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Wald’s son was not circumcised.
“I have a very strong sense of Jewish identity and, believe it or not, having an intact son has only deepened it,” she said.
In Israel, where the vast majority are circumcised, the dilemma may be particularly difficult.
Although she is confident of the choice she and her husband made, Gali still has one concern.
“The main issue which still troubles me a little is the social one, that one day he may come to me and say ‘Mom, why did you do that to me? They made fun of me today’,” Gali said.
The Health Ministry does not keep records on circumcisions but estimates about 60,000 to 70,000 are held in Israel every year, which roughly corresponds to the number of boys born in 2010, according to the Central Bureau of Statistics.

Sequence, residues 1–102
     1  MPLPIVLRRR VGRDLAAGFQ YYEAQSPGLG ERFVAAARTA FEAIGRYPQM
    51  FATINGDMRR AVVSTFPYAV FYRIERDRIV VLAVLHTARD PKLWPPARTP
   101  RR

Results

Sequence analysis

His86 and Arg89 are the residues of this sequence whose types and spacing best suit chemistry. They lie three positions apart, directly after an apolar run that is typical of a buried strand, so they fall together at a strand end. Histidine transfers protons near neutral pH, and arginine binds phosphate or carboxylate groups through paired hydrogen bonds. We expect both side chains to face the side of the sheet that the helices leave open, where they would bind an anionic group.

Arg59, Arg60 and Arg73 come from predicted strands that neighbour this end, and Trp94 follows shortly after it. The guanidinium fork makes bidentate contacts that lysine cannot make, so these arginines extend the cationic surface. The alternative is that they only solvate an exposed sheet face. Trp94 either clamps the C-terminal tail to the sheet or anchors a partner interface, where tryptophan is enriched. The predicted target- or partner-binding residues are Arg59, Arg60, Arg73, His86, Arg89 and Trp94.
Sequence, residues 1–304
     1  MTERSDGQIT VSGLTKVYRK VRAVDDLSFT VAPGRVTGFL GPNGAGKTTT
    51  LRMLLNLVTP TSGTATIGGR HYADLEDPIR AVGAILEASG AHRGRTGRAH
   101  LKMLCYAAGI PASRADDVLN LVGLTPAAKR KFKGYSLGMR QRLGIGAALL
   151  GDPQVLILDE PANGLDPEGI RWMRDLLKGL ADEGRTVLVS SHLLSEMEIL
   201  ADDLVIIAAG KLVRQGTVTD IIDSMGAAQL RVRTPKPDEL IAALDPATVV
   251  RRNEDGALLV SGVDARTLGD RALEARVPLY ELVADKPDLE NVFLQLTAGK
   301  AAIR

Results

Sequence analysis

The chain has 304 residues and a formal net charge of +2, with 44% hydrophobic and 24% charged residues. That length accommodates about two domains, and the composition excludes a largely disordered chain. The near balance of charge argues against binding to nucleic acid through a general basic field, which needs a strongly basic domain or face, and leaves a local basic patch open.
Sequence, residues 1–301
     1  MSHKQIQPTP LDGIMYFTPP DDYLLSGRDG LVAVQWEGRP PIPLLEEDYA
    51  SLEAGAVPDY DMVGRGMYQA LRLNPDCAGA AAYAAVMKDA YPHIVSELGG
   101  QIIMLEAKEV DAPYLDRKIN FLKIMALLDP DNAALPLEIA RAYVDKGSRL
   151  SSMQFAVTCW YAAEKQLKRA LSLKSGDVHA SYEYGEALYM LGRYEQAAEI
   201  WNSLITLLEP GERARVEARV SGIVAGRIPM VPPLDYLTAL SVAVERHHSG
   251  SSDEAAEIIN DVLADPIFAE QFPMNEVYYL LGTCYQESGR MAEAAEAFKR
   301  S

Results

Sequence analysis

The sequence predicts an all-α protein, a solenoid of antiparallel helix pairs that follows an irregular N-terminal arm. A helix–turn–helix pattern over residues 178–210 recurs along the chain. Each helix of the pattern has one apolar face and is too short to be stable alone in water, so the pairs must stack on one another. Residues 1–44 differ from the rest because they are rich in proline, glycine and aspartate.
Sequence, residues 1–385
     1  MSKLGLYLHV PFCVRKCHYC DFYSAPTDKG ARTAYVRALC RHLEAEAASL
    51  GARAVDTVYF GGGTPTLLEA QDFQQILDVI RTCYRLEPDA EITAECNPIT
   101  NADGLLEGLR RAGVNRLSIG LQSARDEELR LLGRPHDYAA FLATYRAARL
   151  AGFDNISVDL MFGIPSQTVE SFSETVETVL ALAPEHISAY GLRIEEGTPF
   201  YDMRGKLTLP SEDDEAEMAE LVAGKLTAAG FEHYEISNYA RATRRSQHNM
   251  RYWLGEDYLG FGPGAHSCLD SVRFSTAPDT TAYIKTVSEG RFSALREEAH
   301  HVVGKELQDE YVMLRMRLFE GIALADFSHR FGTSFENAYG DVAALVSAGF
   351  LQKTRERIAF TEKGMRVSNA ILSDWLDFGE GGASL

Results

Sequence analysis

The ministry said it treats about 70 cases a year of circumcisions gone wrong, mainly minor complications such as excessive bleeding.
Kaufman said “people were shocked” to learn that her son is not circumcised.
“In Israel everybody does it, like a herd,” she said. “They don’t stop and ask themselves about this specific procedure which has to do with damaging a baby.”
Watching her son rummage through a stack of toys, Kaufman said: “The way he was born is the way his body should be.”